Last week, the radio woke me up with the news that Nora Ephron had died. As so often, the announcement of one person's death was the final headline in a series about war, mass killing and destruction. And, as so often, it was that single death that caused the most sadness.
While the newsreader relayed the medical facts - acute myeloid leukaemia followed by pneumonia - and the achievements - the romcom movies, including three Oscar nominations for When Harry Met Sally; the marriage to and divorce from Watergate journalist Carl Bernstein which became a novel (Heartburn) and another hit film (with Meryl Streep and Jack Nicholson) - my mind spooled back to 2004 and the freezing November day in New York when Ephron and I met for a coffee on the Upper East Side.
I happened to be in New York just before the stage version of When Harry Met Sally opened in London, and it seemed a good enough reason to meet one of my favourite writers. As vivid as the memory of the conversation, is how I felt afterwards. It was as if some of Ephron's fierce intelligence and throwaway Jewish wit had somehow rubbed off on me. And I remembered almost skipping down an icy Madison Avenue enlivened by the sheer energy of her company.
Tributes to Ephron continued to tumble out of the radio. One quoted Billy Crystal (who played Harry opposite Meg Ryan's Sally) as saying how lucky he was to have spoken Ephron's lines. Still only half awake, I was suddenly back in that coffee shop with Ephron sitting opposite me, dressed, as she often did, in black and telling me that the most famous line in When Harry Met Sally - "I'll have what she's having", delivered after Ryan's famous fake orgasm - was in fact thought up by Billy Crystal.
Of course you would not expect Ephron to lie about it if asked. But I had not asked. And there was something typical about the revelation; something indicative of Ephron's charisma and absence of ego that led to her casually handing over credit for one of the most famous lines in the movie - of any movie. That said, she had plenty of gems she could call her own. It was for the same movie that Ephron invented the phrase "high maintenance" which has ever since been used as a shorthand to describe demanding women.
"Actually, that was [the film producer] John Calley," corrected Ephron. "He used to say exactly the same line that Harry uses in the film. 'There are two kinds of women, high maintenance and low maintenance'."
A little while before we met, Ephron had written a mock confessional in the New York Times about her time as an intern working for President Kennedy. The confession, written in the wake of new revelations about the president's sexual conquests, was that Ephron had not only not slept with Kennedy, he had not even made a pass at her. Kennedy did not sleep with Jewish woman, observed Ephron in the article. When I asked her what it was about Jewish women that Kennedy did not like, she said breezily: "Oh, that's not true. Actually he did sleep with a Jewish woman. But it's such a funny line, I left it in. It just goes to show that there comes a time when you stop being a journalist and will sacrifice anything for a joke."
I am awake now. The news has moved back to war but the conversation is coming back as clearly as if I had the tape recorder in my hand. For years, I had been a besotted admirer of the dialogue in every Ephron film, and of every Ephron book I had read. The prose and screenplays stand head, shoulders and hips above the sentimental tripe spawned by the rom-com genre. With Ephron, the com comes before the rom, even though films such as Sleepless in Seattle, which she both wrote and directed, and You've Got Mail (co-written with her younger sister Delia) are the romiest coms a romantic could hope for.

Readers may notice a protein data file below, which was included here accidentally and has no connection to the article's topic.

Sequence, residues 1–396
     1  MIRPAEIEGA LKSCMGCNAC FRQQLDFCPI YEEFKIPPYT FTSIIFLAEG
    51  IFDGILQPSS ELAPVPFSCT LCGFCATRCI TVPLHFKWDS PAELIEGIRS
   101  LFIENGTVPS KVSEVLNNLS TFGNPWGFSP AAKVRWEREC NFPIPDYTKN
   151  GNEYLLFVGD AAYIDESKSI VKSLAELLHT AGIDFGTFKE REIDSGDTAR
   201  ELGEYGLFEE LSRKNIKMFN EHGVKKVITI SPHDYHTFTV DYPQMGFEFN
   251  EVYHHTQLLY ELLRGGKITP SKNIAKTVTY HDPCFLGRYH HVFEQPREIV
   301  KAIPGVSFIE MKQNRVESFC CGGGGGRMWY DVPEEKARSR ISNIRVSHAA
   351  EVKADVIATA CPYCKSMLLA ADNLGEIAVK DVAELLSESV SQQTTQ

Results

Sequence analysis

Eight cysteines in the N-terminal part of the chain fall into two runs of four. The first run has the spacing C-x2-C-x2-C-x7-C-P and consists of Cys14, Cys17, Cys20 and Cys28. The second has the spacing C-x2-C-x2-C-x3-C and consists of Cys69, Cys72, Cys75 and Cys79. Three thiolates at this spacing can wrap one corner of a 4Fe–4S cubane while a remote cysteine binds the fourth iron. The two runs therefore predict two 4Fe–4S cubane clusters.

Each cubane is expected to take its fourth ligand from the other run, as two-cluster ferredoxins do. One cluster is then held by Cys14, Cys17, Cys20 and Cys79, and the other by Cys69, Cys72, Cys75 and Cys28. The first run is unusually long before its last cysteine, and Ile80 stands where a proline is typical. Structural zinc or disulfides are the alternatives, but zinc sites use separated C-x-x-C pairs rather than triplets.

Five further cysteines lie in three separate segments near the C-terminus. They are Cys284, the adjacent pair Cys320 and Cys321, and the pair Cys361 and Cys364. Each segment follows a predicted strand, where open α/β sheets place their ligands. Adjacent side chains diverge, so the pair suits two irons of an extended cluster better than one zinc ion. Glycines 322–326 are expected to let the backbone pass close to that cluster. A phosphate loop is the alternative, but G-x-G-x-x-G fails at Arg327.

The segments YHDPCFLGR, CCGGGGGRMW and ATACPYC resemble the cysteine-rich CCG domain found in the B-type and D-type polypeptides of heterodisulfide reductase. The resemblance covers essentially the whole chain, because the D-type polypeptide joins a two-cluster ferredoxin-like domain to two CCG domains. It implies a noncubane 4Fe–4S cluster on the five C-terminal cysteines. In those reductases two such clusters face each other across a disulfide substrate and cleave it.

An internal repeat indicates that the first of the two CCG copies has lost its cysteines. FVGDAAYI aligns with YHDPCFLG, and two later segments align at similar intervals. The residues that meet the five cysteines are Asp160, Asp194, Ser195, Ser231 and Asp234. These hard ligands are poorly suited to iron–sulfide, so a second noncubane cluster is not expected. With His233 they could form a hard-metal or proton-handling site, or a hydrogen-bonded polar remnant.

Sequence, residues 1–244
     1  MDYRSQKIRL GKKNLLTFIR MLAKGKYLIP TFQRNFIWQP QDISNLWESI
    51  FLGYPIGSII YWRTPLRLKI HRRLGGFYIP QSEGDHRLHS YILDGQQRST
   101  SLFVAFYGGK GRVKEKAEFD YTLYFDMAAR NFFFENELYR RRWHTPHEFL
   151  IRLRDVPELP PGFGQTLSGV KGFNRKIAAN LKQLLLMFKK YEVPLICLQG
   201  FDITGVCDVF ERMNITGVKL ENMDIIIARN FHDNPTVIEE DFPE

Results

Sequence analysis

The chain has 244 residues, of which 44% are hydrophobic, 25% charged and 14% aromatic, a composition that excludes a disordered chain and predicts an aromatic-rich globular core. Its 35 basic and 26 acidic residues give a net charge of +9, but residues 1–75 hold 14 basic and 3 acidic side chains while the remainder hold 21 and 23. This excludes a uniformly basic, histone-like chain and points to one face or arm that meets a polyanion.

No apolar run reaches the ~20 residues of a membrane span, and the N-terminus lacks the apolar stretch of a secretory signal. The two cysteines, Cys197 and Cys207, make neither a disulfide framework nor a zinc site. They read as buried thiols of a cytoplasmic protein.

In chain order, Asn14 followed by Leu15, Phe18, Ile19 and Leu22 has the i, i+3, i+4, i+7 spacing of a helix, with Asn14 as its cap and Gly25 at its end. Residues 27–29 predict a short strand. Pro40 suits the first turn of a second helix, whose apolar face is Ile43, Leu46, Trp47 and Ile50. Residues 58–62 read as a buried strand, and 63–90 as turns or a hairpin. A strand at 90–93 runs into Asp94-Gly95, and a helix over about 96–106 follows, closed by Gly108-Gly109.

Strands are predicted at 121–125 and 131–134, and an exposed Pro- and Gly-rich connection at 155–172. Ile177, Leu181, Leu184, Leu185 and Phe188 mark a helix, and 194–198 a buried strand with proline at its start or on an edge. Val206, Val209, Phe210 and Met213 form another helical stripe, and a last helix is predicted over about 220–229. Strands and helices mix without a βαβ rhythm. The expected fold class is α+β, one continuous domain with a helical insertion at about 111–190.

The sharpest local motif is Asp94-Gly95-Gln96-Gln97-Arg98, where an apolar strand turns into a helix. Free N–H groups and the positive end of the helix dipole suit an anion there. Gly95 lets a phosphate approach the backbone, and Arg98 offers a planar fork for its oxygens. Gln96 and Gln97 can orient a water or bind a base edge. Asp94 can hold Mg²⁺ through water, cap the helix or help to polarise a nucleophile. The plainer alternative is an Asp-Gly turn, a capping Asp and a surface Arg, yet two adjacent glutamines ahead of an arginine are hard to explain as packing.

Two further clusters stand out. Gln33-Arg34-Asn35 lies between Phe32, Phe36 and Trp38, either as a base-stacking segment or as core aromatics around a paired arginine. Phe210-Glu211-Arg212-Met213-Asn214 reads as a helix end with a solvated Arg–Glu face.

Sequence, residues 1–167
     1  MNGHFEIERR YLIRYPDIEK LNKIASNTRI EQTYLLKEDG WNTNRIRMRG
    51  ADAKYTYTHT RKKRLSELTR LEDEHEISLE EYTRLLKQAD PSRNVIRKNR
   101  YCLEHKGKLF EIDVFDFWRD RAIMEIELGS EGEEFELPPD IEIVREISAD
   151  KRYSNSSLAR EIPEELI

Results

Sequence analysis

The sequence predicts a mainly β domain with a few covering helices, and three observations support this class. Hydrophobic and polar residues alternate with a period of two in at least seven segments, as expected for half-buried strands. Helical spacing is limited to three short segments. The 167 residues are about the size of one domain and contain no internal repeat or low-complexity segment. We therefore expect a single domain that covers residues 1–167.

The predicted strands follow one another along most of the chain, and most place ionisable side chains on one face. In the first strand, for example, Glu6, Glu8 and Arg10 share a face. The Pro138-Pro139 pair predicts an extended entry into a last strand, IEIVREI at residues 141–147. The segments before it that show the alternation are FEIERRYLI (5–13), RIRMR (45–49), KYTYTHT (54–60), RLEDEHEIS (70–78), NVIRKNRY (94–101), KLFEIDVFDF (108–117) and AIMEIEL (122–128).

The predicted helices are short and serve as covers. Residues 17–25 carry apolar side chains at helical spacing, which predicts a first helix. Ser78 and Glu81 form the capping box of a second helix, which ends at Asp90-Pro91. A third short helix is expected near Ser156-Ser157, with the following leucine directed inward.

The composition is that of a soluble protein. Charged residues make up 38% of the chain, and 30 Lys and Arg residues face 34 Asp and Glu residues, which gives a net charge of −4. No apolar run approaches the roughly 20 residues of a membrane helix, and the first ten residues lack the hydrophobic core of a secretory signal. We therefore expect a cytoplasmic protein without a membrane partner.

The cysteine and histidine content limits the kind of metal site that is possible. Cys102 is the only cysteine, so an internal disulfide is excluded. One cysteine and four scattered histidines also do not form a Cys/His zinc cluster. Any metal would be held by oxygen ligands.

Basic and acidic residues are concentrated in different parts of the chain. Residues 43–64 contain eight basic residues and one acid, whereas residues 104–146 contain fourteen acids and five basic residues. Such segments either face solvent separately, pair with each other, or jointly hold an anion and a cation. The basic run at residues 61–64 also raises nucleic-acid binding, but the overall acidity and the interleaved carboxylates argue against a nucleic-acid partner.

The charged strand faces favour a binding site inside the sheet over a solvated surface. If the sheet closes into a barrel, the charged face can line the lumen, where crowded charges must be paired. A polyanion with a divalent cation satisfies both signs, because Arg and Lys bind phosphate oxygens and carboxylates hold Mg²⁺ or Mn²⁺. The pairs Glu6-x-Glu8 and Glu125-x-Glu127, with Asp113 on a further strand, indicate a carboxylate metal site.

What she did with When Harry Met Sally can be compared to what Stephen Sondheim did with his musical Company. Each turned the subjects of romance and marriage into territory fit for the sharpest wit and the most cutting of insights. Come to think of it, Ephron's Harry and Sondheim's Bobby both view coupledom with cynicism. Although Harry, being a Hollywood invention, becomes tired of "the whole life-of-a-single-guy thing". But he still embodies the bachelor in most men when he admits that his first thought after having sex with a girl for the first time is: "How long do I have to hold her? Is 30 seconds enough?" This, says Harry, is the difference between women and men. It is one of the reasons men and women can never be friends; another being that the man always wants to sleep with the woman.
All the tributes have rightly made much of Ephron's feminist credentials. They credit her 1975 book Crazy Salad for making it possible for women to read and write about being a woman without the burden of feminist dogma. But, for me, what elevated Ephron's writing was that she could speak for men as convincingly as she could for women. I agreed with Harry. Hell, I could be Harry.
Ephron had an intimidating reputation and a wit that, as a Washington Post columnist put it "could kill you at 50 paces". So I had spent most of the day in an overheated hotel room surrounded by her books and cuttings and printouts of her work. On the way to the meeting I repeated newly learned facts about her screenwriting parents Harry and Phoebe, and how Phoebe gave her daughter the best advice a writer can get - "everything is copy".
And, when we met, Nora did speak as she wrote, in perfectly formed sentences, and deliciously timed one-liners. And yes, she had taken her mother's advice to heart - everything was copy. And no, she did not worry about the people in her life getting angry about what she wrote.
"What's a writer to do? Make it all up?" she asked And then came one of those lines that adorn her films and prose like scattered diamonds. "Of course there are writers who do make things up," she said. "I'm sure no one got mad at Tolkein."